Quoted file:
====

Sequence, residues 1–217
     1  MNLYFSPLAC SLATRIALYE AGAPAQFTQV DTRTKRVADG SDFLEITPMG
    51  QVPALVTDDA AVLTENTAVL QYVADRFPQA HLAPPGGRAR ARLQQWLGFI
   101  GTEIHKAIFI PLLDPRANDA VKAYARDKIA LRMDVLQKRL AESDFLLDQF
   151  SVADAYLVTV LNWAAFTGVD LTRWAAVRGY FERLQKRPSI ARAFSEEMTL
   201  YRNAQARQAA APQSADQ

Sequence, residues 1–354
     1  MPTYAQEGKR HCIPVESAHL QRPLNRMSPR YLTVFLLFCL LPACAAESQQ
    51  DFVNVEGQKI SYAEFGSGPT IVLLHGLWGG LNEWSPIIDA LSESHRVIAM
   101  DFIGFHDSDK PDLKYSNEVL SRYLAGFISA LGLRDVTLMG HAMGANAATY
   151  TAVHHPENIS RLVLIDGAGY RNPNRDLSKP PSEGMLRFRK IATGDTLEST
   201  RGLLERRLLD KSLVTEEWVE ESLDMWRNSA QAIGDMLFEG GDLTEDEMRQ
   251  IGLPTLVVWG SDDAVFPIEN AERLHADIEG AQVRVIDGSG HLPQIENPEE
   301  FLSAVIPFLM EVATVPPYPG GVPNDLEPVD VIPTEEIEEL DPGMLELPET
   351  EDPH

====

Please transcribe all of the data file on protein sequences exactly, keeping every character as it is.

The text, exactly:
Sequence, residues 1–217
     1  MNLYFSPLAC SLATRIALYE AGAPAQFTQV DTRTKRVADG SDFLEITPMG
    51  QVPALVTDDA AVLTENTAVL QYVADRFPQA HLAPPGGRAR ARLQQWLGFI
   101  GTEIHKAIFI PLLDPRANDA VKAYARDKIA LRMDVLQKRL AESDFLLDQF
   151  SVADAYLVTV LNWAAFTGVD LTRWAAVRGY FERLQKRPSI ARAFSEEMTL
   201  YRNAQARQAA APQSADQ

Sequence, residues 1–354
     1  MPTYAQEGKR HCIPVESAHL QRPLNRMSPR YLTVFLLFCL LPACAAESQQ
    51  DFVNVEGQKI SYAEFGSGPT IVLLHGLWGG LNEWSPIIDA LSESHRVIAM
   101  DFIGFHDSDK PDLKYSNEVL SRYLAGFISA LGLRDVTLMG HAMGANAATY
   151  TAVHHPENIS RLVLIDGAGY RNPNRDLSKP PSEGMLRFRK IATGDTLEST
   201  RGLLERRLLD KSLVTEEWVE ESLDMWRNSA QAIGDMLFEG GDLTEDEMRQ
   251  IGLPTLVVWG SDDAVFPIEN AERLHADIEG AQVRVIDGSG HLPQIENPEE
   301  FLSAVIPFLM EVATVPPYPG GVPNDLEPVD VIPTEEIEEL DPGMLELPET
   351  EDPH